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Individual study: Application of salt to control the invasive marine alga Caulerpa taxifolia in Lake Macquarie, New South Wales, Australia

Published source details

Glasby T.M., Creese R.G. & Gibson P.T. (2005) Experimental use of salt to control invasive marine alga Caulerpa taxifolia in New South Wales, Australia. Biological Conservation, 122, 573-580

Summary

The invasive marine green microalga Caulerpa taxifolia was first confirmed in New South Wales, Australia, in April 2000. It subsequently spread to nine waterways, covering approximately 8.1 km² by 2005. An experiment was undertaken at Lake Macquarie (New South Wales) to determine the effectiveness of different salt concentrations in killing C.taxifolia. (See Case 281 for efficacy of control at Narrawallee Inlet).

Study sites: In Lake Macquarie, New South Wales (Australia), salt application experiments to attempt to control an invasive marine alga, Caulerpa taxifolia, were set up at two sites, separated by about 1 km, in March 2002. Each site had twelve 1 m² plots marked out, each 1-3 m deep. Pairs of treatment plots had salt concentrations of 50, 100, 150 and 200 kg/m² applied. A pair of control plots were positioned near to the treatment plots, and a pair were positioned 50 m from the treatment plots.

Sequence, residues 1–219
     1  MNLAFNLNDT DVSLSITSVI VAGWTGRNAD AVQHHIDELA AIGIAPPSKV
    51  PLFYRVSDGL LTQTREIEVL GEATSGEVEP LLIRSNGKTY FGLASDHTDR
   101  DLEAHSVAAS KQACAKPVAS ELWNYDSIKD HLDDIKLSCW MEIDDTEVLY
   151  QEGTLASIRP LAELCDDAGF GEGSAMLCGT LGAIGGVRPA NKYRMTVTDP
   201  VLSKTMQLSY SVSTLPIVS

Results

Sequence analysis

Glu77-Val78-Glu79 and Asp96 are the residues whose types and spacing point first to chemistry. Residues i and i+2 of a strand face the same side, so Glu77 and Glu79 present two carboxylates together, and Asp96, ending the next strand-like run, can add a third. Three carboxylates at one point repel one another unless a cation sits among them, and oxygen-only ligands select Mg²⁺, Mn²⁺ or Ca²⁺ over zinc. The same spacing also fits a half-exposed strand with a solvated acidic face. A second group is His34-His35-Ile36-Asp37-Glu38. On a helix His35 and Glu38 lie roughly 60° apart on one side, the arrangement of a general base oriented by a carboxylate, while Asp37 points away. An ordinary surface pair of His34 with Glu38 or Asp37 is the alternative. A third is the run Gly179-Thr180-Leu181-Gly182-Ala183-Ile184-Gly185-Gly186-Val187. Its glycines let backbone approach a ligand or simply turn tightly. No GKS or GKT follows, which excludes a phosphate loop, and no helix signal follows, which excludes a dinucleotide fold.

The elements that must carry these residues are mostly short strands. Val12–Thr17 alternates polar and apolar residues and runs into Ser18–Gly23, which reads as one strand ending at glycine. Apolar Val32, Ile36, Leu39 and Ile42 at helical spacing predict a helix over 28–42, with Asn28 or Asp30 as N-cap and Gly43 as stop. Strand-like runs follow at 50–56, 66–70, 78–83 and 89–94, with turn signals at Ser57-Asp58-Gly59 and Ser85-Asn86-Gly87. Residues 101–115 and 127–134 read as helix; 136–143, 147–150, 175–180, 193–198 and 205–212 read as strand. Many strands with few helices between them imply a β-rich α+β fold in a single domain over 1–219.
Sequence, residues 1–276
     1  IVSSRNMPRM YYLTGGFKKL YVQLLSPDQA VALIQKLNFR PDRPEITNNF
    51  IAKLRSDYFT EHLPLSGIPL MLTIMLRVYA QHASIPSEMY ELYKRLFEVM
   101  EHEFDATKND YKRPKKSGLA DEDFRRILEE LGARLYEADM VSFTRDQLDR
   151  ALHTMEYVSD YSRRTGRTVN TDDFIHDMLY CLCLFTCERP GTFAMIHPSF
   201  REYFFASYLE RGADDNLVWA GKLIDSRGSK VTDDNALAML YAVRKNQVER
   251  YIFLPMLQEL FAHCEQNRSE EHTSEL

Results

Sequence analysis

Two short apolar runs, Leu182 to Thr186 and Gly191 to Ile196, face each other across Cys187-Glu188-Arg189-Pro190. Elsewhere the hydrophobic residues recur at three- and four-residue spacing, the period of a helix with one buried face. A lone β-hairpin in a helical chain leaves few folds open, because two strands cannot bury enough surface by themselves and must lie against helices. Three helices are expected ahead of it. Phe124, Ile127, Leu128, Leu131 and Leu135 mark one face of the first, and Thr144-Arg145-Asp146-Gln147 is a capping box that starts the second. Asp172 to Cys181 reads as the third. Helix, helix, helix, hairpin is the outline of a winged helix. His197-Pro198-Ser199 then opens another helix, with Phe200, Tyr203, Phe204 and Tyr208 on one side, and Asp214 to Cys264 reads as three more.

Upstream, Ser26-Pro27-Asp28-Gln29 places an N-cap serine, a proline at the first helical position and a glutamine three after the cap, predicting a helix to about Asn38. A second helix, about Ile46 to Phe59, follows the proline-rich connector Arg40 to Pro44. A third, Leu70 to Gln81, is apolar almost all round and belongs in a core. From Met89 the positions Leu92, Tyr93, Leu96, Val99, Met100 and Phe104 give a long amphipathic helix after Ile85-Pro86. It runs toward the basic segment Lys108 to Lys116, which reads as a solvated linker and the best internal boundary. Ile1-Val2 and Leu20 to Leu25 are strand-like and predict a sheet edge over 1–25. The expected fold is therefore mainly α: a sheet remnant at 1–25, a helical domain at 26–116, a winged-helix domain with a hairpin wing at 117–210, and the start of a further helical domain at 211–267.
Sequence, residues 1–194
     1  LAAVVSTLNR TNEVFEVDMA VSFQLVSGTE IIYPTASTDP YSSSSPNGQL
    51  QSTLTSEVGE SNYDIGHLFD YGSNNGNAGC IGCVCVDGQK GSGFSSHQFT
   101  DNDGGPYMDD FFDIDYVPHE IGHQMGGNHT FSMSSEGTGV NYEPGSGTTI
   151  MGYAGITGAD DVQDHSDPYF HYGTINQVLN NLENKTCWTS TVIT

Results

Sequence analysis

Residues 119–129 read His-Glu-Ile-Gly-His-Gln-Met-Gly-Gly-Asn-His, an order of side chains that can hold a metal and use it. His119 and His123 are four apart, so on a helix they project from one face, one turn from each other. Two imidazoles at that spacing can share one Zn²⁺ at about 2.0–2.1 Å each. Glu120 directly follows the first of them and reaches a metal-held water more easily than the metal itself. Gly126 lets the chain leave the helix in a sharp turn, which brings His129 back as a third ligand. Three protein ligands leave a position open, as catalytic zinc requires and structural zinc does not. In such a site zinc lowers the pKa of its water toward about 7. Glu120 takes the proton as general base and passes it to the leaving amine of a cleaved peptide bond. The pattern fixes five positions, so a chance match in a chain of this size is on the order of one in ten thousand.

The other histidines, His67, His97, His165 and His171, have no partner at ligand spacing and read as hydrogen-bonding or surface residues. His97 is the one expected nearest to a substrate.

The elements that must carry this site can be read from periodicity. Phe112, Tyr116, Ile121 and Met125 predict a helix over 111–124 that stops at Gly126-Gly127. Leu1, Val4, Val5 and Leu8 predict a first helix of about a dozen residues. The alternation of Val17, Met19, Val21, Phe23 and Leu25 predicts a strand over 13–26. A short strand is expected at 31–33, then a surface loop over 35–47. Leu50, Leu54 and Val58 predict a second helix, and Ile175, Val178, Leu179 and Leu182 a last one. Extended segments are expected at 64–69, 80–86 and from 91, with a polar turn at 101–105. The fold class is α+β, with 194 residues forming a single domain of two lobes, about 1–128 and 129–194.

Plot sampling: Each plot was sampled prior to salt application, and then after one week, one month and six months. In three 30 x 30 cm quadrats, that were randomly placed within the plot, the number of fronds of Caulerpa, as well as of stems of the seagrass Zostera capricorni was recorded. Also, to investigate possible effects of salting on benthic fauna, three cores (65 mm diameter, 100 mm deep) were taken in each plot. Benthic fauna was identified to family level.

After one week Caulerpa taxifolia frond density in salted plots had decreased by 70-95%, and salted plots had a significantly lower density than unsalted control plots. No fronds were present after one and six months. There was also a decrease in C.taxifolia in the control plots across the experiment, possibly due to winter dieback. Salting also reduced Zostera capricorni shoot density after one and six months compared to control plots. However, Z.capricorni was less adversely affected than C.taxifolia and at salt concentrations below 200 kg/m² it began to recover after six months.

The abundance and diversity of benthic fauna decreased in treatment relative to control plots after one week. It then began to recover after one month. After six months there was no difference between treatment and control in diversity, and in the 150 and 200 kg/m² treatments abundance was higher than the control.


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